Also sold as: New York strip; Kansas City strip; top sirloin (which has nothing to do with the sirloin primal of the steer, or the sirloin steak, which is an entirely different cut); top loin; shell steak (when sold bone-in); contrefilet
Where it's cut from: The longissimus dorsi muscle, toward the rear end of the steer, in the short loin primal. That's the primal just behind the ribs.
What it tastes like: A tight texture with a definite grain means strip steaks are moderately tender, but still have a bit of chew. Good marbling and a strong beefy flavor. Not as robust as ribeye, but much easier to trim, with no large pockets of fat, making it an easy-to-cook, easy-to-eat cut. A favorite of steakhouses.
Also sold as: filet; filet mignon; fillet; chateaubriand (when cut as a large, center-cut roast feeding two or more); tournedo (when cut from the smaller, tapered section of the tenderloin closest to the rib primal)
Where it's cut from: The central section of the psoas major muscle in the short loin primal of the steer
What it tastes like: Extremely tender, with an almost buttery texture, the tenderloin steak is very low in fat, and correspondingly low in flavor. To be honest, unless you are looking for a low-fat cut or prize tenderness above all else, you're better off with one of the other, less expensive cuts.
The best way to cook it: Pan-frying or grilling. Because it's so low in fat, and fat conducts heat more slowly than muscle, tenderloins tend to cook much faster than other steaks and are far more prone to drying out.
Pan-frying in oil and finishing by basting with butter helps add some richness, as does wrapping in bacon before grilling (a very common approach). Even better is to purchase and roast or grill-roast it whole, as a chateaubriand—less surface area means less moisture loss.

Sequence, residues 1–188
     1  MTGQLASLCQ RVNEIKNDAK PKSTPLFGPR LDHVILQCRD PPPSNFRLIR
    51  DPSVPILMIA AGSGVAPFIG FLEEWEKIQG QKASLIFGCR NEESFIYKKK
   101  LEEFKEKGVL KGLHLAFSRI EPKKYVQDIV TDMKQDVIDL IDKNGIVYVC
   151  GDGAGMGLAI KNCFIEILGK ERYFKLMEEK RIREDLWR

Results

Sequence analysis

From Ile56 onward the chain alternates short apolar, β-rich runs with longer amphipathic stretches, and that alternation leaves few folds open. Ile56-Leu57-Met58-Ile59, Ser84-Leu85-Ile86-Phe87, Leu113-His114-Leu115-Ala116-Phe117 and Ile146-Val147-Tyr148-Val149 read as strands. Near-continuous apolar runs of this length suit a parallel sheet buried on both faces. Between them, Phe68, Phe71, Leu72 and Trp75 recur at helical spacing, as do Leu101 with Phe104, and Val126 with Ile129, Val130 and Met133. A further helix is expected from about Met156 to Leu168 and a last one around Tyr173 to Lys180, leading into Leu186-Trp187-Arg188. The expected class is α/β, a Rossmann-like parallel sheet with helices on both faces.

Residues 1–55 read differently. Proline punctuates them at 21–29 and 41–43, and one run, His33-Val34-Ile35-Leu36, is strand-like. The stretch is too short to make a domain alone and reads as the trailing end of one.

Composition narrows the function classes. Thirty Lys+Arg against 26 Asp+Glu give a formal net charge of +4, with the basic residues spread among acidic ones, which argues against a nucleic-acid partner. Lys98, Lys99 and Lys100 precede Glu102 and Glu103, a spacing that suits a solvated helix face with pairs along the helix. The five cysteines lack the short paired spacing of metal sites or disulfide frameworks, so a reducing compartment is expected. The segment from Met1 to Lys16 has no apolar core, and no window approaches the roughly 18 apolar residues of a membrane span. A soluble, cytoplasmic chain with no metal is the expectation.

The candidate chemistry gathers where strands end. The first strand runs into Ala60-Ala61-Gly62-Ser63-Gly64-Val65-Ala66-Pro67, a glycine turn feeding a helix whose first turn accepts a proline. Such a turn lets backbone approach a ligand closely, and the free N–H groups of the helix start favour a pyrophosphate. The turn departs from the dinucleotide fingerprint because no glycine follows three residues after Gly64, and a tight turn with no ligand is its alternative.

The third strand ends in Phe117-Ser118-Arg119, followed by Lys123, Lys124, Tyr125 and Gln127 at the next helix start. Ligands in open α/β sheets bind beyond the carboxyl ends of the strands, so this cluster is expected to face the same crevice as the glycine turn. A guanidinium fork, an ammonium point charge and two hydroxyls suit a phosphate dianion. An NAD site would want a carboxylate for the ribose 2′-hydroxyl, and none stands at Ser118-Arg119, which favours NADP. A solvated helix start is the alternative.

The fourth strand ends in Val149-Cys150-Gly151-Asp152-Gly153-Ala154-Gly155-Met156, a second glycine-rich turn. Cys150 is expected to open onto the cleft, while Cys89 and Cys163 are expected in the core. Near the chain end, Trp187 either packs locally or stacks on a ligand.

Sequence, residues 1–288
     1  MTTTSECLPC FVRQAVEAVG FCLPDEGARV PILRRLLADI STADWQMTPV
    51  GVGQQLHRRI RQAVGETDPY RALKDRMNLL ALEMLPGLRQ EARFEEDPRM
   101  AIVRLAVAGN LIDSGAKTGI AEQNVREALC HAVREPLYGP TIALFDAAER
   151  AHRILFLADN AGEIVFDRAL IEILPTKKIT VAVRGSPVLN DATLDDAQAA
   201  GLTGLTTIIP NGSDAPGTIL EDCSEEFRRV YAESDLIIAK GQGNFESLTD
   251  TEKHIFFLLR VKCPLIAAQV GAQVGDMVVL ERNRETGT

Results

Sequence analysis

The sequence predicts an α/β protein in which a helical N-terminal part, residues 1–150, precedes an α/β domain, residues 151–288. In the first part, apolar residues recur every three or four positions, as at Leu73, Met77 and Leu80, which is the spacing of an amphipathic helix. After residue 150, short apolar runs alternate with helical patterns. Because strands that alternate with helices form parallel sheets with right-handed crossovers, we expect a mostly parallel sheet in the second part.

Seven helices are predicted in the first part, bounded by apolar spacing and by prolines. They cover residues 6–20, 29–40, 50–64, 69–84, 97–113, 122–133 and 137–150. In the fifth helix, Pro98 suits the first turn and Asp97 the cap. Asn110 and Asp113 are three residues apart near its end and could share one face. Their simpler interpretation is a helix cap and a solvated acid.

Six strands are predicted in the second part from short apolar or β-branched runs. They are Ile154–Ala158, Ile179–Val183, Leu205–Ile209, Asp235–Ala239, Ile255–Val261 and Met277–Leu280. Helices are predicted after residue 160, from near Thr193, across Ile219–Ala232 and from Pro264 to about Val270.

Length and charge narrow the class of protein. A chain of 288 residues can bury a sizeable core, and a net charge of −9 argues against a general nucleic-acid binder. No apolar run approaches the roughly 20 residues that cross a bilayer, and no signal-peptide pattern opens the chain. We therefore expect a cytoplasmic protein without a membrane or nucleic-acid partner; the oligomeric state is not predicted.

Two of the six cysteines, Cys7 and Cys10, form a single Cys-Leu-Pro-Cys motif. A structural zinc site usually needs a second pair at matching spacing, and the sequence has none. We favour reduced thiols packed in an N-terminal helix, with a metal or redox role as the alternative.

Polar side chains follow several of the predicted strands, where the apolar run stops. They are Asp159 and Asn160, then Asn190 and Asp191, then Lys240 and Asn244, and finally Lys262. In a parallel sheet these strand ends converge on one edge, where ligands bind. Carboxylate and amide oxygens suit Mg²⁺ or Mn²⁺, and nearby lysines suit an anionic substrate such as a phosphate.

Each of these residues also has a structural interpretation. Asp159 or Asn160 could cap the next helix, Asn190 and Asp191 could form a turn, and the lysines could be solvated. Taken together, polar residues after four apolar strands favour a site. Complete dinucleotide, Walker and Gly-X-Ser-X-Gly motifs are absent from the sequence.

Also sold as: porterhouse (when the tenderloin section is an inch and a half or wider)
Where it's cut from: The T-bone steak is a two-for-one cut—it's made up of a piece of tenderloin and a piece of strip, separated by a T-shaped bone. The regular T-bone is cut from the front end of the short loin primal, just after the tenderloin starts, giving it a smallish piece of tenderloin (between half an inch and one and a half inches wide).
A porterhouse steak, on the other hand, is cut from farther back and has a section of tenderloin at least one and a half inches wide.
See how the two steaks fit together?
What it tastes like: The strip section tastes like strip, and the tenderloin tastes like, well, tenderloin.
The best way to cook it: Grilling, broiling. Because of the irregularly shaped bone, pan-searing is extremely difficult with a T-bone. As the meat cooks, it tends to shrink down a bit, and the bone ends up protruding, preventing the meat from getting good contact with the pan's surface and inhibiting browning. Because of this, you're much better off grilling it.
Even grilling isn't completely straightforward, though. Remember how the leaner tenderloin cooks faster than the fattier strip? That problem is compounded by the fact that the tenderloin section of a T-bone or porterhouse is much smaller than the strip. The result is a tenderloin that ends up overcooking before the strip is even close to done.
But never fear! There's an easy way to fix this problem. When grilling or broiling, just make sure you position the steak such that the tenderloin is farther away from the heat source than the strip. Under a broiler, that means that the steak should be oriented so the strip rests closer to the heating element or flame.
On a grill, this means building a modified two-level fire (that's all the coals under one half of the grill, with the other half left empty; on a gas grill, light one or two of the burners, leaving the other one off), then positioning the steak over the fire so that the tenderloin sections are closest to the empty side of the grill
For complete instructions on effectively grilling T-bone (or porterhouse), check out Josh Bousel's article here.